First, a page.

For the purpose of this book, I will reference the leadership literature from time to time but give priority and privilege to insights that we gain from the life and teaching of Jesus and from the Scriptures written by those who followed him. This book is about the clash of worldviews inherent in cross-cultural and multicultural relationships and the impact of that clash on the practice of leadership. In my view the gospel is transcultural, and the life and teaching of Jesus gives Christian leaders the spiritual resources essential to meet the challenges of interpersonal conflicts and misunderstandings that arise when teams and followers embrace conflicting worldviews. The Internet café church-planting team thought they were applying these spiritual resources well, but they failed to acknowledge and address the worldview conflicts.
The language and definitions of leading that follow have been stimulated by the leadership literature and study and reflection on the Gospels and Epistles of the New Testament. The discussion focuses on issues of relationships and community that are foundational to the life and work of Christian community. I begin by defining several key features of what constitutes leading and then conclude with a statement of what “leading” means as addressed in this book.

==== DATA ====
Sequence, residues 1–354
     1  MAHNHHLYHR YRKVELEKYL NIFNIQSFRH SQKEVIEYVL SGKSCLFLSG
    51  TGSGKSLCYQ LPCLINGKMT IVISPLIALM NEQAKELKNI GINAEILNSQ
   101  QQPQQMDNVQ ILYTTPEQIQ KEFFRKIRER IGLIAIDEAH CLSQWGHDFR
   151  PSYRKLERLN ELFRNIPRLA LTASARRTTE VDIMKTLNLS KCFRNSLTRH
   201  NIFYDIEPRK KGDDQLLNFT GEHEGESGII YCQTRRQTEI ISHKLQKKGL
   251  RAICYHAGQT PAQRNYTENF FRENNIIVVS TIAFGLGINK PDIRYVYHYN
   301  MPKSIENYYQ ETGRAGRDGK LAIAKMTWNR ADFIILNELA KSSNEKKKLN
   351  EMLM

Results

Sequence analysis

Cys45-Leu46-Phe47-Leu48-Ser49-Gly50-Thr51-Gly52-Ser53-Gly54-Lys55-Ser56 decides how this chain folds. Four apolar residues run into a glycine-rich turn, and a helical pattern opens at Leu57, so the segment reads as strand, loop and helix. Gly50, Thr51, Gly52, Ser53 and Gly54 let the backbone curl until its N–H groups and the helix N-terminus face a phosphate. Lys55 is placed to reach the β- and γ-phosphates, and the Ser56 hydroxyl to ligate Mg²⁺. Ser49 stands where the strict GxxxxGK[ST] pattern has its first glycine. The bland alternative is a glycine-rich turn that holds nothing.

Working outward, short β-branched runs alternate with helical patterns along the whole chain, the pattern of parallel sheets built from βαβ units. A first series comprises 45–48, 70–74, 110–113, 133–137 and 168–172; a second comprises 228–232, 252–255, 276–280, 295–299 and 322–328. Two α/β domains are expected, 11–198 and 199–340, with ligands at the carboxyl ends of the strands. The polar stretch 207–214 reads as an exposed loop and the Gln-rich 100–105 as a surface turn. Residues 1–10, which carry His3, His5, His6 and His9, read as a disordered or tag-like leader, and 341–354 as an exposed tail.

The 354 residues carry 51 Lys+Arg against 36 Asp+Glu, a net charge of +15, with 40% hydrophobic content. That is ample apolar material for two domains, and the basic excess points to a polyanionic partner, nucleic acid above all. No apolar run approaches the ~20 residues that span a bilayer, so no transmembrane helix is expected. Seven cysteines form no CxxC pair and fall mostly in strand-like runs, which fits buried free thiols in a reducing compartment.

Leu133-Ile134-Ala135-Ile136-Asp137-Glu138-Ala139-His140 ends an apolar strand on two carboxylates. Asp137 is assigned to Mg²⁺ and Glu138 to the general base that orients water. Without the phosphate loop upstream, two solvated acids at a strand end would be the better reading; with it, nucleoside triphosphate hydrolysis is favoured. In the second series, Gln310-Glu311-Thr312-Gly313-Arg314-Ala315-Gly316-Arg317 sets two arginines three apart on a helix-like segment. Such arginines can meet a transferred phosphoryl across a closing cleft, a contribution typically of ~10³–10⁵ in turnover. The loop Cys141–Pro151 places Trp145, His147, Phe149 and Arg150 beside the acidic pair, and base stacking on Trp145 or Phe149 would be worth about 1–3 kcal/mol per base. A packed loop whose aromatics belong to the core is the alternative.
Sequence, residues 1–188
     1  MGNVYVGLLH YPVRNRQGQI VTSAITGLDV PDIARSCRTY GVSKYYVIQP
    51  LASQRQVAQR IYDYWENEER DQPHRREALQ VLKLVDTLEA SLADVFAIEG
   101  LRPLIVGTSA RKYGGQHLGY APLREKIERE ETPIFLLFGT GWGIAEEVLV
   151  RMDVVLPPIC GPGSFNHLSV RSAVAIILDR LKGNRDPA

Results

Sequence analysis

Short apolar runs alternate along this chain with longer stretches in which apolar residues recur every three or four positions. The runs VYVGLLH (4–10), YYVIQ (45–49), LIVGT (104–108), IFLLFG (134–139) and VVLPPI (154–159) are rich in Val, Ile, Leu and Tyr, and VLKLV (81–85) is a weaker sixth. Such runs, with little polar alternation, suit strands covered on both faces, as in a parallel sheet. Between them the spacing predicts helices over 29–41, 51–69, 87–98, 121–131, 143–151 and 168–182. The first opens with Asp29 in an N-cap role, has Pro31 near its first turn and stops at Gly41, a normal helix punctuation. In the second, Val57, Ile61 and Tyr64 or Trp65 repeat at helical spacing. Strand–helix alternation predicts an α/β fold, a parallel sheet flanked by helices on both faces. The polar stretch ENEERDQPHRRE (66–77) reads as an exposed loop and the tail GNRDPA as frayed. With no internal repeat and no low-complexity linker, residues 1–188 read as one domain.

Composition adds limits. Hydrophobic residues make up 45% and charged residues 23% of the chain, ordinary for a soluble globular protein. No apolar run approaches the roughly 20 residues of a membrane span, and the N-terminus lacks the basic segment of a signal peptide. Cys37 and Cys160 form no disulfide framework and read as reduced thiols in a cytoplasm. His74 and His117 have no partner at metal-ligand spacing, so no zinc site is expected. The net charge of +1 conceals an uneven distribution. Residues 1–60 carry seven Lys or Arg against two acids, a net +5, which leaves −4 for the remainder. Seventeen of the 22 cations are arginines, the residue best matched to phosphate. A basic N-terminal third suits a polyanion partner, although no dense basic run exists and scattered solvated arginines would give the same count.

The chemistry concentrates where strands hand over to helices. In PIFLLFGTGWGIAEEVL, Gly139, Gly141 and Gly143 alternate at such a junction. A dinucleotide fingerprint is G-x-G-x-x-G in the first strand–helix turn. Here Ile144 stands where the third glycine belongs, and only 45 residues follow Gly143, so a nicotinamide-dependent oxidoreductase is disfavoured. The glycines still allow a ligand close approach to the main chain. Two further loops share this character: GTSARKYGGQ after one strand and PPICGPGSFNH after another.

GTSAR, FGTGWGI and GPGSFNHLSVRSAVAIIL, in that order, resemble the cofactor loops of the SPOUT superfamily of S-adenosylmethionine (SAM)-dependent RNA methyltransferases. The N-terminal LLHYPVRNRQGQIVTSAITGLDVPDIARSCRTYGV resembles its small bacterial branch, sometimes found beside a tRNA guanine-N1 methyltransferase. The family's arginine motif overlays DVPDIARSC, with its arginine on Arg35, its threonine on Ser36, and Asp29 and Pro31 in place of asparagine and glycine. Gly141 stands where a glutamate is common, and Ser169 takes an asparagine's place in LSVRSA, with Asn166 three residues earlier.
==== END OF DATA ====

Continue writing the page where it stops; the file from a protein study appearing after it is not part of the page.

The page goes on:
The first characteristic of leading is building trust within a relational community. Galen and Henry focused on teaching new believers the truths of Scripture and the practice of ministry, but they did not focus on building mutual trust. Likewise, Kate and Myra gave greater priority to evangelism and good business than to building trust relationships essential for leadership in Christian community. In a public, business, or secular context, it is clearly possible to lead without having trust relationships; within Christian community, however, the building of trust is a fundamental characteristic of leadership. In John’s Gospel, Jesus makes it clear that the people who follow him, the “good shepherd,” trust him (John 10:4–5). They know his voice. They will not follow a stranger because they do not recognize the stranger’s voice. From the perspective of the Gospels, building trust is a key feature of leading. Many stories illustrate how Jesus engaged in those trust-building relationships with his disciples. John 1:35–51 describes how Jesus encountered Andrew and a friend and invited them to come and stay with him. They followed him and spent a Sabbath with him. Afterward Andrew invited his brother Simon Peter to come and get acquainted with Jesus. Through these relational engagements, Jesus inspired the confidence and trust of these men.